Krall, a New York native, was trained as an electrical engineer. Two of her daughters are in college pursuing engineering degrees.
She earned a law degree from the University of Denver while working at International Business Machines Corp., the largest owner of U.S. patents, in the late 1990s. One of her jobs after finishing law school was to shepherd ideas through the application process at the U.S. Patent and Trademark Office. She’s the listed agent on more than 100 IBM patents, according to data from the office’s website.
Before moving to Apple, Krall spent five years managing Sun Microsystems Inc.’s 14,000 patents as chief intellectual- property counsel.
Like Apple, Sun had little history of litigation, until NetApp Inc. filed a patent-infringement suit in 2007 over data- storage technology. The lawsuit created “an opening for Noreen to go into her action mode,” said Greg Papadopoulos, who was Sun’s chief technology officer and worked with Krall for about five years.
She made lawyers and engineers collaborate, something that doesn’t always happen at tech companies, to understand how the technology worked and evaluate the strengths and weaknesses of the patents, Papadopoulos said. Sun countered with its own claims, and the companies settled.
“I call her Legal 2.0 for her ability to take legal strategy to another level,” said Papadopoulos, now with the venture-capital firm NEA in Menlo Park, California. “In many cases, the legal counsel is looking at a case purely through legal reasoning. You can’t do that. You have to understand the technology. She knows how to find the right people and she knows how to think about it.”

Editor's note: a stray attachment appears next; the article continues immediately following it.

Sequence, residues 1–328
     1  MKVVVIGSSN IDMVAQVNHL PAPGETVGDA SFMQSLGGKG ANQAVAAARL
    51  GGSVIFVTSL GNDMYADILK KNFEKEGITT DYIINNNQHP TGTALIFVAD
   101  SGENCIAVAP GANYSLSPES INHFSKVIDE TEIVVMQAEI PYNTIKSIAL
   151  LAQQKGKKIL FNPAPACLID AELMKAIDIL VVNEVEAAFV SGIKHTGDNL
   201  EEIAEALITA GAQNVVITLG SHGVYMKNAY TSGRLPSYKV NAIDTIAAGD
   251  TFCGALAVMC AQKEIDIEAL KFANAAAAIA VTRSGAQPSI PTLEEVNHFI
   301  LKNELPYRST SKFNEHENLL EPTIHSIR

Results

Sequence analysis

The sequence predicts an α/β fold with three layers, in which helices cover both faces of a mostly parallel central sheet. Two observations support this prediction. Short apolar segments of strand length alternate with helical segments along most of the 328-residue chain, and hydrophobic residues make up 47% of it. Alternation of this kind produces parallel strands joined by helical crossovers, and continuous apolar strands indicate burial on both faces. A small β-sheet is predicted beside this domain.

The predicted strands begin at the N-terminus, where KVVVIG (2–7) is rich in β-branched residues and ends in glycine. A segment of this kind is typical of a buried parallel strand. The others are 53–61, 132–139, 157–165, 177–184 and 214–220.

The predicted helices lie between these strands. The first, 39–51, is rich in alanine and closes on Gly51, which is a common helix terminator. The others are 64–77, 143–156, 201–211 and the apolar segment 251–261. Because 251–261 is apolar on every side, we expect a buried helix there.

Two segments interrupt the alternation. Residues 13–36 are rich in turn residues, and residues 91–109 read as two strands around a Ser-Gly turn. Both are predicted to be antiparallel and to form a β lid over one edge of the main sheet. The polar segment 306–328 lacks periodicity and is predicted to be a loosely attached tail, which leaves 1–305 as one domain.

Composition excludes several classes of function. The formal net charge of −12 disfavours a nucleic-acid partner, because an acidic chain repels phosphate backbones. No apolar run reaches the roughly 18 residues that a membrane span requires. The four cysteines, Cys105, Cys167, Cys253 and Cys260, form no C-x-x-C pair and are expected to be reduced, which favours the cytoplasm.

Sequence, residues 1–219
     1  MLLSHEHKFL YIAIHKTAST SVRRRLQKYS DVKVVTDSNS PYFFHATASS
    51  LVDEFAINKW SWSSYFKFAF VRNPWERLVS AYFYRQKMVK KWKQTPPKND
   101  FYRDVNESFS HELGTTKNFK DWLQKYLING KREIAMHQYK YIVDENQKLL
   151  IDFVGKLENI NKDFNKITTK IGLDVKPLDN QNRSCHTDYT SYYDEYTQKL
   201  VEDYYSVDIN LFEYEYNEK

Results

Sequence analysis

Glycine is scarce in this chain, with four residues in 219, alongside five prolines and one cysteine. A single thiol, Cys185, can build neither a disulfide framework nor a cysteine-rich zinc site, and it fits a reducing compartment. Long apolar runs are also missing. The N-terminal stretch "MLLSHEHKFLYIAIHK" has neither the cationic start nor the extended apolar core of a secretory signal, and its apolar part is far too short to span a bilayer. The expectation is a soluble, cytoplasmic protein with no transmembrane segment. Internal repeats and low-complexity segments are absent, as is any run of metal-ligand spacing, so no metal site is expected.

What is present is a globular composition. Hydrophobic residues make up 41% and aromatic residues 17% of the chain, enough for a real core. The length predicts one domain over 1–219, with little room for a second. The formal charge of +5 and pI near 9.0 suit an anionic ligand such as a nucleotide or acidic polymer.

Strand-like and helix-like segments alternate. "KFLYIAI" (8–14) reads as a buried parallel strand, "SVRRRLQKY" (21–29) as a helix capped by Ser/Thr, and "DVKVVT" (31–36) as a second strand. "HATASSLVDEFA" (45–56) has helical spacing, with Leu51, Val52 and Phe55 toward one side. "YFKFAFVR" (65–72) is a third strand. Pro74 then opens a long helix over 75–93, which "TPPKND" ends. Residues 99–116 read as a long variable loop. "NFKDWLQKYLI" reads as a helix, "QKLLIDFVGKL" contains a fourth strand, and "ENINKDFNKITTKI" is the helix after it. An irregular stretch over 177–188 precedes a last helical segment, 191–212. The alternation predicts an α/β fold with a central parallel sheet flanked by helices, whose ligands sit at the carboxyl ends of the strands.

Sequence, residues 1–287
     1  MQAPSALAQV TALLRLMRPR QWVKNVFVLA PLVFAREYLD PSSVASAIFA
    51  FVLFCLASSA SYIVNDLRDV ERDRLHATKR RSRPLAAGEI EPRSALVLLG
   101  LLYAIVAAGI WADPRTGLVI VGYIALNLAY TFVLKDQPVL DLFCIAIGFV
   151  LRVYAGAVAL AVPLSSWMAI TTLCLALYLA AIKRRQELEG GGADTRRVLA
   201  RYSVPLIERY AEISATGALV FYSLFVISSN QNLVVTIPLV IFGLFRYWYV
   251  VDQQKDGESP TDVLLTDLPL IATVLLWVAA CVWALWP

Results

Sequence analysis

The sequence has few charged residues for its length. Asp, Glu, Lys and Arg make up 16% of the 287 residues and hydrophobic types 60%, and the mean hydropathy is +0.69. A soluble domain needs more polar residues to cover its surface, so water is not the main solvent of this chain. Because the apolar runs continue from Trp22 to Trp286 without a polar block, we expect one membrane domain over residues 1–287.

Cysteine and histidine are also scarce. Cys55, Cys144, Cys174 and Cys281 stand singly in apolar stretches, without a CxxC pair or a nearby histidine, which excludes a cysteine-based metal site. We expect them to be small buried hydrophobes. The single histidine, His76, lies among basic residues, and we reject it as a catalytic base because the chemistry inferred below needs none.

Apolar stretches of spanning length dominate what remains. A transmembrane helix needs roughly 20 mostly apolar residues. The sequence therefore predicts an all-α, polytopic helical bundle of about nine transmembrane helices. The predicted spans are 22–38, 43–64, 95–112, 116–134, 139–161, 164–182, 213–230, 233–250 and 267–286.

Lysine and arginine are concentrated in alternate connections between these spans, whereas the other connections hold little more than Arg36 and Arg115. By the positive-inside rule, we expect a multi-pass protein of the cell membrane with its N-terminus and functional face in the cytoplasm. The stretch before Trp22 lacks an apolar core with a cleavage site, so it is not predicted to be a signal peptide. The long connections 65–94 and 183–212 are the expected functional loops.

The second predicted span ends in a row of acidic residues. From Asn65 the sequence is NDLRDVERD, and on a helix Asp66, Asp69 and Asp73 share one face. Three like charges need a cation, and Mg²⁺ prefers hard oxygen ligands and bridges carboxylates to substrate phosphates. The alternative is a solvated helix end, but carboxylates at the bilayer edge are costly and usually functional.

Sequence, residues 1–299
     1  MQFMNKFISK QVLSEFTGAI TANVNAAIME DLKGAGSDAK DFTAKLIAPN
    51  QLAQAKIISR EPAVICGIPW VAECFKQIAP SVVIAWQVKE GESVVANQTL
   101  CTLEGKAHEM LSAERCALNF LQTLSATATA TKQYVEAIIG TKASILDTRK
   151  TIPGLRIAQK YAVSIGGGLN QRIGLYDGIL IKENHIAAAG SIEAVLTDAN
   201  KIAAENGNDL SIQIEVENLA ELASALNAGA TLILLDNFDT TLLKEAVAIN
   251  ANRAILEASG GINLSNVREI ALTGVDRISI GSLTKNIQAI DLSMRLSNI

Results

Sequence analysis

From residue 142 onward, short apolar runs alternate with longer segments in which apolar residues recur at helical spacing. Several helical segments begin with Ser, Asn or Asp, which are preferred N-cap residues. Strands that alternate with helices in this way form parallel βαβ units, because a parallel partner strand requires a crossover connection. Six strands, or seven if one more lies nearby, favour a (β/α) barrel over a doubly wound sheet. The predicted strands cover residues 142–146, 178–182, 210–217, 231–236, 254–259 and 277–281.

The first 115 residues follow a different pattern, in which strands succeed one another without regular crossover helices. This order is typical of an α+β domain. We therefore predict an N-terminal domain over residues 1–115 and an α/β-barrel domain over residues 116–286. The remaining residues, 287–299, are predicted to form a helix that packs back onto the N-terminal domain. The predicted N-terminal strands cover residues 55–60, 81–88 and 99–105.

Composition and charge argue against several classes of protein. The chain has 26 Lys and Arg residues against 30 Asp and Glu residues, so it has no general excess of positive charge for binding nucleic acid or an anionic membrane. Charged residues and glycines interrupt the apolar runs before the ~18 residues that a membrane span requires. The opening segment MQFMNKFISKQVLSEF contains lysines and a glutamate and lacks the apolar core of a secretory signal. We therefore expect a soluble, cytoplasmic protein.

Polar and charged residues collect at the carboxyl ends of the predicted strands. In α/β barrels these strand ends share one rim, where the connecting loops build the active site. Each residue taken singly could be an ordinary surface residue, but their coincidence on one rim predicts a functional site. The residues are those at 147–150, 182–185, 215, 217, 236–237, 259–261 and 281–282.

Her role at Sun became “a little bit of a limiting environment because we didn’t have that offensive mindset,” Papadopoulos said. “She had a lot of ideas: Here’s what’s happening to us. Here’s where we can be more assertive.”
Krall joined an Apple team that viewed Android device makers as a threat to its core business of selling distinctively designed consumer electronics at a premium price and with industry-leading profit margins.
By releasing similarly designed devices, Samsung and others undermine what Apple’s products are worth to customers, Apple’s lawyers argued during the San Jose trial.
There have been some setbacks. Krall’s team lost cases against Samsung in Tokyo and the U.K., and against Motorola Mobility in the U.S. Apple is also facing limits on sales of its products in Samsung’s home country of South Korea.
Most of the cases around the globe are in their early stages, and no U.S. patent verdict greater than $200 million has ever been upheld on appeal, according to data compiled by Bloomberg.
Still, the verdict in San Jose vindicates Apple’s strategy of using its intellectual property to force competitors to make products that are different from its own, said Colleen Chien, an assistant law professor at Santa Clara University in California.
Krall is a founding member of a group of female intellectual-property lawyers called the Chipsters that puts on events to share tips on being powerful women and mothers in male-dominated Silicon Valley.
A finalist this year for the annual Global Counsel Award for intellectual-property lawyers, selected by corporation lawyers and law-firm partners, she’s a shoo-in for next year, said Thorne, the former Verizon lawyer.
“There was a running joke at Sun that we were really glad she’s on our side,” Papadopoulos said. “We’d never want to be on the other side.”